Sedona Lit is a series by Dr. Elizabeth Oakes, an award winning poet and former Shakespeare professor. A Sedonian of three years, she will highlight the literature, written or performed, of Sedona, past and present.
By Elizabeth Oakes
(April 4, 2016)
Shortly after I wrote about Dorothea Tanning in my second column, Randall D. Reynolds contacted me. He is the author of a book on Jack and Helen Frye, who were close friends with Max Ernst and Tanning in their Sedona years. Randall’s book about the Fryes and the website he maintains are important historical documents in their own right. However, in his research he ran across information about Ernst and Tanning that he generously shared with me, with permission to pass it on.
Randall’s interest in the Fryes came from volunteering in the Red Rock State Park Visitor Center in 2003 and 2008. Jack Frye, a pioneer in aviation, founded TWA and was on a level with presidents and movie stars. He was equal to Howard Hughes, though not as eccentric. Helen was a glamorous, larger-than-life woman who thrived on adventure.
Since then, Randall has contacted any Frye associate he could find, a by-product of which is some first-hand information about Ernst and Tanning. For example, the son of the Fryes’ housekeeper and chauffeur at their mansion in Washington, D. C, recalled that as a small child he visited the Frye ranch many times in the summers of the late 40s and early 50s with his parents. Dorothea, who was often there, would babysit him, he said, and she was “the most beautiful babysitter I ever had.” He added, “I never forgot.”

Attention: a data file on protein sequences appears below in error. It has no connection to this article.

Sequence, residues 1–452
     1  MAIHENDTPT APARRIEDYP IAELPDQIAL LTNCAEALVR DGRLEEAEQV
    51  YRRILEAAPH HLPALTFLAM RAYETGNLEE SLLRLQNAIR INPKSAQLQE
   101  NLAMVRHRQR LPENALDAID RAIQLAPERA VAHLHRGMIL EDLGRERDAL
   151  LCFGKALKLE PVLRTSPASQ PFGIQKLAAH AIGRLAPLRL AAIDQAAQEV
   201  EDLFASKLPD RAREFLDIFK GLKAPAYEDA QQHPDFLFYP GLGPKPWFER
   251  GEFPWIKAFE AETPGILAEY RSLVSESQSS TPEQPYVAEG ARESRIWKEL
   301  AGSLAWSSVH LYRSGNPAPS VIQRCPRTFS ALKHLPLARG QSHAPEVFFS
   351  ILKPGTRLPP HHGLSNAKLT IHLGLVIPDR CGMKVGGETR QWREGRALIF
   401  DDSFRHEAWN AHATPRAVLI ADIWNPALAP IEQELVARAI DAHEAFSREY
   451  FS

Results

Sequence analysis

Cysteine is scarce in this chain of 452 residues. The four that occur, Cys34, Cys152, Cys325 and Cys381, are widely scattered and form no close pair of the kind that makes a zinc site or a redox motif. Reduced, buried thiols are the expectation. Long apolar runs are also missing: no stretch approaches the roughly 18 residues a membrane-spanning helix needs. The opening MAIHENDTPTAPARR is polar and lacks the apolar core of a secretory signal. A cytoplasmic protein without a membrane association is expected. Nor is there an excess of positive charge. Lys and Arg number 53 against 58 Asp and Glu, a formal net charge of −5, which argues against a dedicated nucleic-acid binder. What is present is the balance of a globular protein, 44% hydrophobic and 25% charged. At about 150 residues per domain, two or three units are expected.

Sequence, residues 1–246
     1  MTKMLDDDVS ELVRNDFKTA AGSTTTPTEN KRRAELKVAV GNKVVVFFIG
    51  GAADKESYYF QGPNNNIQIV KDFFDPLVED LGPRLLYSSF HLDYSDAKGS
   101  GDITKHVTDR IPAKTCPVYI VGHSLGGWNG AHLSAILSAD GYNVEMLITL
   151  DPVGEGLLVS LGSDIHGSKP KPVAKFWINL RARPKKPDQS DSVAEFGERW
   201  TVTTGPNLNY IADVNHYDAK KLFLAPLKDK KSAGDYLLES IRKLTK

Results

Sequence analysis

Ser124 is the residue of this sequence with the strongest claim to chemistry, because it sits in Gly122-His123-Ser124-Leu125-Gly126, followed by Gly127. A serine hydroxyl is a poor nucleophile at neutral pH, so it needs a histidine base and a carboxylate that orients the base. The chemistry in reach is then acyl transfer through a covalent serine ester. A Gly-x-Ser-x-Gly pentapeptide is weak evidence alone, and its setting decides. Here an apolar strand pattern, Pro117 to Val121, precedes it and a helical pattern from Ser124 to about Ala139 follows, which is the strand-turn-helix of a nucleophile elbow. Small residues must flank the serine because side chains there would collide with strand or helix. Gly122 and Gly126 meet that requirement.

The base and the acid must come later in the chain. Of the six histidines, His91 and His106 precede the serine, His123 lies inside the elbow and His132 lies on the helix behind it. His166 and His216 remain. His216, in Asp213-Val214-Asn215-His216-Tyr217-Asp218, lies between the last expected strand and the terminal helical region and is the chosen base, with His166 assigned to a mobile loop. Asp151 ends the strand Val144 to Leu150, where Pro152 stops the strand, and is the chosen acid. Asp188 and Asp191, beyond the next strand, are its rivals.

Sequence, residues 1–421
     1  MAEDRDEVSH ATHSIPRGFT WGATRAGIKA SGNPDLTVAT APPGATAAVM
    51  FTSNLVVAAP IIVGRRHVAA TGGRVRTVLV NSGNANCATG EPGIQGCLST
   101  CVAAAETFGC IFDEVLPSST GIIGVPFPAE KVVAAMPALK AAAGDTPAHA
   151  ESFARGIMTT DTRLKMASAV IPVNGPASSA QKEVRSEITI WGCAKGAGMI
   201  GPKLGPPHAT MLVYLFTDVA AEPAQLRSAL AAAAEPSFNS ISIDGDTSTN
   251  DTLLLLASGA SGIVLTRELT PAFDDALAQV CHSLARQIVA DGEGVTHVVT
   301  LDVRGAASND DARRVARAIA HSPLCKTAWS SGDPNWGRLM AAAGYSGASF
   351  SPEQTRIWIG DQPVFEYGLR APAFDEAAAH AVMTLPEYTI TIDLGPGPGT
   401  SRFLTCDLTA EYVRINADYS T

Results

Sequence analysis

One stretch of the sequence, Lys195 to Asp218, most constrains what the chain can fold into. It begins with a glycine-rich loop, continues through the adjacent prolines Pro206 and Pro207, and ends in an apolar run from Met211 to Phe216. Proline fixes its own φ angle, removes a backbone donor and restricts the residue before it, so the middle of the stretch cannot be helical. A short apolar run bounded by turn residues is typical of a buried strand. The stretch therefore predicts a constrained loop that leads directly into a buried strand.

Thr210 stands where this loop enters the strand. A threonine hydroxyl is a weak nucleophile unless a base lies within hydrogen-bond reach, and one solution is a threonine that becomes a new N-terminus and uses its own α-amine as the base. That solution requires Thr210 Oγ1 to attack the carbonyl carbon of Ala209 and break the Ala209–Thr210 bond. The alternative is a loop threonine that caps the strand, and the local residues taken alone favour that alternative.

Randall certainly revised my idea of Sedona during Ernst’s and Tanning’s time here. In her two memoirs, Tanning recounts the famous friends who visited them in Sedona and the locals with whom they interacted. However, she says little about the rich and high-living Fryes and their social circle, with whom she and Ernst spent much time.
Randall also alerted me to a lithograph, “Hommage à Max Ernst,” which Dorothea did in 1976 after Max died. Here is Randall’s interpretation:
“The elephant is Max, the two nudes are Dorothea and Helen, the twin engine plane is Jack arriving at the Sedona ranch. Helen is waving. Helen, Jack, and Dorothea were all naturists, a practice which generated much gossip locally. I say, good for them being such free spirits – and to hell with the locals!”
Sometimes a little information about an artist’s life, perhaps especially a Surrealist, makes a big difference in the interpretation of a work!
If we think Sedona is full of colorful characters now, well, we have no idea! I heartily recommend Randall’s book and his website. The Fryes would be good subjects for a film!
Randall is a memoirist, biographer, and historian whose book about the Fryes and the Camelot Years of TWA is available on Amazon. His website is www.sedonalegendhelenfrye.com.